Does a cancer diagnosis worsen outcomes after a heart procedure?

heart procedures

A recent study investigated whether a cancer diagnosis was associated with worsened clinical outcomes in patients undergoing a heart procedure.

While ongoing diagnostic and therapeutic advances have improved survival rates in cancer and cardiovascular disease patients, the prevalence of these complications remain quite high. In recent years, researchers have shown that chemotherapy against cancer can increase the risk of cardiovascular complications, including angina, heart attacks, and worsening of coronary artery disease. These findings have resulted in several studies that have investigated the relationship between cancer and cardiac disease.

In a study published in the European Heart Journal, Potts and colleagues investigated the association between a cancer diagnosis and health outcomes in patients undergoing percutaneous coronary intervention (PCI). PCI is a non-surgical heart procedure where clinicians utilize a catheter to insert a stent in order to open narrowed blood vessels. In the current study, data from 6,571,034 PCI procedures undertaken between 2004 and 2014 were analyzed. Specifically, following PCI, patients were monitored for several in-hospital outcomes including mortality, cardiac complications, post-operative stroke, bleeding, and vascular complications.

The authors found that a current cancer diagnosis was associated with worsened clinical outcomes, compared to patients without any cancer history. Specifically, a current history of lung cancer was associated with increased in-hospital complications and mortality, whereas colon and prostate cancers were associated with increased in-hospital complications and bleeding, respectively. A current breast cancer diagnoses, however, was not associated with either in-hospital mortality or complications. Moreover, after adjustment for confounding factors, a historical diagnosis of lung cancer was also found to be associated with adverse outcomes.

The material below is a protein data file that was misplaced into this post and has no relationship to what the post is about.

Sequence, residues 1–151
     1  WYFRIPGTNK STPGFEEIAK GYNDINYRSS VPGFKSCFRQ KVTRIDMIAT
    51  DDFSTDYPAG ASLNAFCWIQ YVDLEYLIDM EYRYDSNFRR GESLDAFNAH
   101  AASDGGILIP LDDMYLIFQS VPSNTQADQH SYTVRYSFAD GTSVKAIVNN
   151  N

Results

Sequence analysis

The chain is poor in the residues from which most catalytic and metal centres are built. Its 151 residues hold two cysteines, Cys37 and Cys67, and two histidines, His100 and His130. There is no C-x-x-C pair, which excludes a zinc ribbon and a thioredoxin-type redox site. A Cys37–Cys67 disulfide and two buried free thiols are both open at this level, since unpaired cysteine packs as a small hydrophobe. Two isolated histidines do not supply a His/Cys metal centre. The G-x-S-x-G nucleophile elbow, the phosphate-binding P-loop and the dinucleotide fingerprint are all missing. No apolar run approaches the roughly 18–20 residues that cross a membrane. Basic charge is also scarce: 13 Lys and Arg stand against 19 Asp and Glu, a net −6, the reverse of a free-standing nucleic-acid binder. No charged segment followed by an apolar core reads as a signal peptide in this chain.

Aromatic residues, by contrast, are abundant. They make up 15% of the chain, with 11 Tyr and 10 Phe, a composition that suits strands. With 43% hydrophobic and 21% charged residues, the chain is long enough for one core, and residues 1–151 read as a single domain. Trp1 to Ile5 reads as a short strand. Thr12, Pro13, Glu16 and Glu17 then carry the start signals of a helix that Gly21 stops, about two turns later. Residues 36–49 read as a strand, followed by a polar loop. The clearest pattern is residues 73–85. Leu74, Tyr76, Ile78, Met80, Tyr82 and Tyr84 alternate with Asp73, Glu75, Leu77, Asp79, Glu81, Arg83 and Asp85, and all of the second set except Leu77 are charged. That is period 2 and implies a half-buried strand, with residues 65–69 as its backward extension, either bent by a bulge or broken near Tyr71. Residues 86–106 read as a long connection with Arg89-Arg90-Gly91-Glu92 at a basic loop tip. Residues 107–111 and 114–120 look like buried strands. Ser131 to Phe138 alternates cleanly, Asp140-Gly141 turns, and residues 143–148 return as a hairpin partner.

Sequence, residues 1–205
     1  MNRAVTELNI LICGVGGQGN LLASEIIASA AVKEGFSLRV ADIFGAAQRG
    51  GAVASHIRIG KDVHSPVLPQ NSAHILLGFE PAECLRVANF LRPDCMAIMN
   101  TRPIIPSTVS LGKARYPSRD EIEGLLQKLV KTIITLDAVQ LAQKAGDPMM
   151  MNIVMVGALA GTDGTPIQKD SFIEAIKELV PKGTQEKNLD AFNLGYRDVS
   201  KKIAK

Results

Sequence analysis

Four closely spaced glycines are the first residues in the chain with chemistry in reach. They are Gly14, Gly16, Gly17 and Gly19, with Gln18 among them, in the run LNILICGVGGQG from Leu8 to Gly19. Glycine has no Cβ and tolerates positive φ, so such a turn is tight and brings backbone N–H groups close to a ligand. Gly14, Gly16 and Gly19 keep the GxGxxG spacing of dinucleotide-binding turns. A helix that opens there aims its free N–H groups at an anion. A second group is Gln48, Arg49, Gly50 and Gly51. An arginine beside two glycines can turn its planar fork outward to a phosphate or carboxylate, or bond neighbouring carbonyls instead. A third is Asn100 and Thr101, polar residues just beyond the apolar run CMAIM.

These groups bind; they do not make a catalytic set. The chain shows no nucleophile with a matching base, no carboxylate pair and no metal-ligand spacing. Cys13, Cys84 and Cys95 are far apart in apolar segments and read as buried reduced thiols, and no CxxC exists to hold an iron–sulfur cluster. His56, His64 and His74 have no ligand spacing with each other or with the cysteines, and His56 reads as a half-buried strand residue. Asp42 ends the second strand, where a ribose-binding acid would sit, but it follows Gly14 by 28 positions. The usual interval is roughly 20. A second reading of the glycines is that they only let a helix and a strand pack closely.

The study showed that patients with cancer had worse clinical outcomes compared to a non-cancer patient undergoing PCI. The severity and type of clinical outcome, however, varied not only on the type of cancer but also on whether the cancer diagnosis was current or historical. Nonetheless, these findings suggest that additional care should be taken with cancer patients undergoing PCI in order to minimize the risk of complications.

Written by Haisam Shah, BSc

Reference: Potts, J. E., Iliescu, C. A., Lopez Mattei, J. C., Martinez, S. C., Holmvang, L., Ludman, P., … & Mamas, M. A. (2018). Percutaneous coronary intervention in cancer patients: a report of the prevalence and outcomes in the United States. European heart journal.

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